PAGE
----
x                                                       Age




                   Figure 2: Link Functions                           Figure 3: Major Depression Cuban Male



Bayesian estimates as a function of the age. Figure 3       we just adopt a conjugate prior, the inverse of χ2
plots these curves under the three link functions for       with three degree of freedom, which has expectation
Cuban male, which we have seen in Figure 1. Evi-            1 and infinite variance. We emphasis that, however,
dently, the curve from the logit link is most smooth.       this insensitivity holds only for a given link function,
For this reason and for its easy interpretability and       because, as we discussed in Section 3.2, the pooling
common acceptance in psychiatric studies, our main          effects for different link functions are different with
results are based on the logit link. But we emphasize       the same value of τ 2 .
that the sensitivity to the choice of the link function
is an issue that should be recognized. One important    The prior of β we adopted is a tri-variate normal, such
                                                                                                8
fact in our choice should be the amount of smooth-      that the prior expectation of µ = i=1 pi µi (where
ness we want to impose on our age curves.               pi is the proportion of the i age group according to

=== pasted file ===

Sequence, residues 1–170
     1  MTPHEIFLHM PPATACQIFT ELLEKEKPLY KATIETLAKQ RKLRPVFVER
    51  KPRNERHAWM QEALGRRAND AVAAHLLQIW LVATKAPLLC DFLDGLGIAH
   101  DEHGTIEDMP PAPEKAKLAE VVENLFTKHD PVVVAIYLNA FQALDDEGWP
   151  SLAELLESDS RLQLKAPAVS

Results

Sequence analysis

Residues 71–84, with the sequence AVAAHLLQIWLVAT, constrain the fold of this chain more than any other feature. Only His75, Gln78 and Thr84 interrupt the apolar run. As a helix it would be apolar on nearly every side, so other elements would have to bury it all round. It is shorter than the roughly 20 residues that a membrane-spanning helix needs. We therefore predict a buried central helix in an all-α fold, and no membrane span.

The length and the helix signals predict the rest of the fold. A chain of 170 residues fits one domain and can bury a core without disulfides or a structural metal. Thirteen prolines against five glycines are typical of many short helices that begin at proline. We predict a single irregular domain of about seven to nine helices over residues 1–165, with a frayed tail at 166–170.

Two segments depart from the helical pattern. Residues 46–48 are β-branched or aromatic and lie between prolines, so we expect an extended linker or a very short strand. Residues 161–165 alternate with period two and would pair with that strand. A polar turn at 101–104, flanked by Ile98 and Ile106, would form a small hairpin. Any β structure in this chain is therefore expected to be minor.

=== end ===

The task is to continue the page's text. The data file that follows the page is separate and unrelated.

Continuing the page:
the 2000 Census) roughly matches our prior knowl-
                                                        edge of the overall prevalence rate, and that its prior
3.3 Choice of Prior                                     variance is relatively large. Figure 4 shows the prior
                                                        distributions of the average rates as a function of the
It can be shown that with the likelihood constructed prior mean of β0 and a scale factor c (see below),
above, the most popular noninformative prior, either with the prior means of β1 and β2 always set to zero.
p(β) ∝ c or p(τ ) ∝ 1 τ will lead to an improper pos- Plots in each column share the same c, and in each
terior distribution. Accordingly, we need to choose row share the same β0 .
a proper prior for both β and τ (or τ 2 ). Our sim- Specifically, our choice of prior is as follows,
ulation study shows that the posterior distribution
is not very sensitive to the choice of p(τ 2 ), as long                            1
as it does not put too much mass at or near 0, so            p(τ 2 ) ∝ τ −5 exp{− 2 },                      (4)
                                                                                  2τ
                                       beta_0= 0 c= 10                           beta_0= 0 c= 15                                beta_0= 0 c= 20




                                                                                                                       1000
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                  Frequency